The acronym laser stands for "light amplification by stimulated emission of radiation." Lasers work as a result of resonant effects. The output of a laser is a coherent electromagnetic field. In a coherent beam of electromagnetic energy, all the waves have the same frequency and phase.

In a basic laser, a chamber called a cavity is designed to internally reflect infrared (IR), visible-light, or ultraviolet (UV) waves so they reinforce each other. The cavity can contain gases, liquids, or solids. The choice of cavity material determines the wavelength of the output. At each end of the cavity, there is a mirror. One mirror is totally reflective, allowing none of the energy to pass through; the other mirror is partially reflective, allowing approximately 5 percent of the energy to pass through. Energy is introduced into the cavity from an external source; this is called pumping.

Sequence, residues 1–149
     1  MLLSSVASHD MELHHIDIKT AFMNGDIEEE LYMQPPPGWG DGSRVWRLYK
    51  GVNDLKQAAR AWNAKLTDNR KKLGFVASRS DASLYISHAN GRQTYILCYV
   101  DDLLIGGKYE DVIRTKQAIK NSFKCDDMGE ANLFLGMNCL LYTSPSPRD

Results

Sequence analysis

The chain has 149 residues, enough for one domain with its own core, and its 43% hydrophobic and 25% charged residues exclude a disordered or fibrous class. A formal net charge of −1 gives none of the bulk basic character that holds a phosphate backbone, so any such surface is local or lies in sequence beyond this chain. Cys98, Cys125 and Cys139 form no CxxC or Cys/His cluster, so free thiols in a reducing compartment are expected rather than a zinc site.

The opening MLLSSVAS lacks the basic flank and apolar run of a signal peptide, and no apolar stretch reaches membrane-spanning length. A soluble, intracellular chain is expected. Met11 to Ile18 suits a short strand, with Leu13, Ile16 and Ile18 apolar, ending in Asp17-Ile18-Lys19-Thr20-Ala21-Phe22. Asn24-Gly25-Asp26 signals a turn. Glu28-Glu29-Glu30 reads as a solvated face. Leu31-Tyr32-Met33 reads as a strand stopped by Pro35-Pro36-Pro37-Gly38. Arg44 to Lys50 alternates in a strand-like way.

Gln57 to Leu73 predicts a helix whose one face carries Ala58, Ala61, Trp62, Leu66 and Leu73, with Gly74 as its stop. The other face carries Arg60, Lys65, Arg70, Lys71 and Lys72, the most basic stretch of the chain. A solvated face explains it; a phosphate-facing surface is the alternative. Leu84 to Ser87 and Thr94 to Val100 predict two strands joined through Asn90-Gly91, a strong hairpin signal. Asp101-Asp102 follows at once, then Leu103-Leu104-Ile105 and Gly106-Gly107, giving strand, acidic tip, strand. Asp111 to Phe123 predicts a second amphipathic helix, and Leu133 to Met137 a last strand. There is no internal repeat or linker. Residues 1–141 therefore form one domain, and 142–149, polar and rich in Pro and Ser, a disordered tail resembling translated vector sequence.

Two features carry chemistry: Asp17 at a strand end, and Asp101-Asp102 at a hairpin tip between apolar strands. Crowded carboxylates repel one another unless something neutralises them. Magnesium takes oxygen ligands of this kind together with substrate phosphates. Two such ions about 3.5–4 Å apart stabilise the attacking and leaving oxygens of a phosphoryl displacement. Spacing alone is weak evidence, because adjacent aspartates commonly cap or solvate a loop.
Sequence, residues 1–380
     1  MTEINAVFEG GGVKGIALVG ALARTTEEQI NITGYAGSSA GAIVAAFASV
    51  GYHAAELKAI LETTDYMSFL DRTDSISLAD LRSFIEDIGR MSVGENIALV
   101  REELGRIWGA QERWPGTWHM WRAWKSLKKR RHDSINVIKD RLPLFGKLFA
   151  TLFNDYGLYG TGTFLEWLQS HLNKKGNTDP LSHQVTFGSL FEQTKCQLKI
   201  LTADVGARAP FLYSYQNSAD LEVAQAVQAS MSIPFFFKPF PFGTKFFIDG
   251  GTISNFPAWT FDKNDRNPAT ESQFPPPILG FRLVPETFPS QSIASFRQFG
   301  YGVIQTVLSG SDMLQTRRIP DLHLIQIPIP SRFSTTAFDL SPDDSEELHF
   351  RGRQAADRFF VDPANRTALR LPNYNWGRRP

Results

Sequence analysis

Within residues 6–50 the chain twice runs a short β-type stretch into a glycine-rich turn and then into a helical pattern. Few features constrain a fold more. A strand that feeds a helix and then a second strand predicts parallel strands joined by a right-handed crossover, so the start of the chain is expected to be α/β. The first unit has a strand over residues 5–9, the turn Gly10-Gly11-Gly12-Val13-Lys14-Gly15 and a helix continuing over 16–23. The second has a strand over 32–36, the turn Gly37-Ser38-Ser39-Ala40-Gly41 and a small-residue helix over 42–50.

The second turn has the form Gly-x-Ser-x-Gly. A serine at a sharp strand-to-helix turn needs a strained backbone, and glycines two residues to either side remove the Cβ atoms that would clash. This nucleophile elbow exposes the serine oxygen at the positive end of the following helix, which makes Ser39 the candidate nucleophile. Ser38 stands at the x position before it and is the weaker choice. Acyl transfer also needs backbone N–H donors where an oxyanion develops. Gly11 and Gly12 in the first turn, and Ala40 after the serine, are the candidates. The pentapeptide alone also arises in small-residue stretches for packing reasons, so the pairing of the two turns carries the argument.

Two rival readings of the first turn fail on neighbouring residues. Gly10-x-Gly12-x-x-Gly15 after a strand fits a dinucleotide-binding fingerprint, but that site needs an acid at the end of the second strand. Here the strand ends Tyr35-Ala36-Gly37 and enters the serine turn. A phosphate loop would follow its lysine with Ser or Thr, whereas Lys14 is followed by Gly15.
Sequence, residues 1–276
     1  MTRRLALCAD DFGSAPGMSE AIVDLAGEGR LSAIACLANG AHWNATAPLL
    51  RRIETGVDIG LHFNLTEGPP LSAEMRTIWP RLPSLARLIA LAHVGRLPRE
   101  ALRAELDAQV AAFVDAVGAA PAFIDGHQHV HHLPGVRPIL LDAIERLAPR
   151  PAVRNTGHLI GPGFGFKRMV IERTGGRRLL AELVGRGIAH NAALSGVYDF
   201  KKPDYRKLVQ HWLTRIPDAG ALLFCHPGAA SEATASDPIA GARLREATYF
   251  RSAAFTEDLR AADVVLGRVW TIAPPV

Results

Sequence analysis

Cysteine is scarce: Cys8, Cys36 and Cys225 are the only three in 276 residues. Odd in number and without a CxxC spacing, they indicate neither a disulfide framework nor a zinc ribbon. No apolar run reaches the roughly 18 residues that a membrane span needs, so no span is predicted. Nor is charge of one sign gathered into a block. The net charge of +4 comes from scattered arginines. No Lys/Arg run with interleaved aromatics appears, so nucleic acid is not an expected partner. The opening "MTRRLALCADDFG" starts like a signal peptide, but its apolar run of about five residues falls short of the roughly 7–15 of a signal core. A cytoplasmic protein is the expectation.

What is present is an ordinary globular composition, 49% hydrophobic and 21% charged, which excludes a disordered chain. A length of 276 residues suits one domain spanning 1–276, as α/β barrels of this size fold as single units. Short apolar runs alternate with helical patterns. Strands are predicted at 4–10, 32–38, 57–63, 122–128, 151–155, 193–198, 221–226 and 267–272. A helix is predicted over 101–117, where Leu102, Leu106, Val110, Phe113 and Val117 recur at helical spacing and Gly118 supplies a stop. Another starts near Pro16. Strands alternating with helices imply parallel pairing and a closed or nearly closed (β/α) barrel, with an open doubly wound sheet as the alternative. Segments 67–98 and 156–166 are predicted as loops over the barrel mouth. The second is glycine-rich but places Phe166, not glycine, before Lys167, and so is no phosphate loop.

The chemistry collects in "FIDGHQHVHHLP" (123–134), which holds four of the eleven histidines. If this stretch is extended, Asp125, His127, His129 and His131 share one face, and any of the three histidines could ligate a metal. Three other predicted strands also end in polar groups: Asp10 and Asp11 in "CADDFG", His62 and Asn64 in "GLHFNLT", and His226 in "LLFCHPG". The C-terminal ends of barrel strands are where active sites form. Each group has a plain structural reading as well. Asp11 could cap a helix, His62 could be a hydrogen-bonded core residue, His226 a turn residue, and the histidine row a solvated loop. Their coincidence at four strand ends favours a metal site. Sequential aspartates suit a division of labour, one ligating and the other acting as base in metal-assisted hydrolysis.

As a result of pumping, an electromagnetic field appears inside the laser cavity at the natural (resonant) frequency of the atoms of the material that fills the cavity. The waves reflect back and forth between the mirrors. The length of the cavity is such that the reflected and re-reflected wave fronts reinforce each other in phase at the natural frequency of the cavity substance. Electromagnetic waves at this resonant frequency emerge from the end of the cavity having the partially-reflective mirror. The output may appear as a continuous beam, or as a series of brief, intense pulses.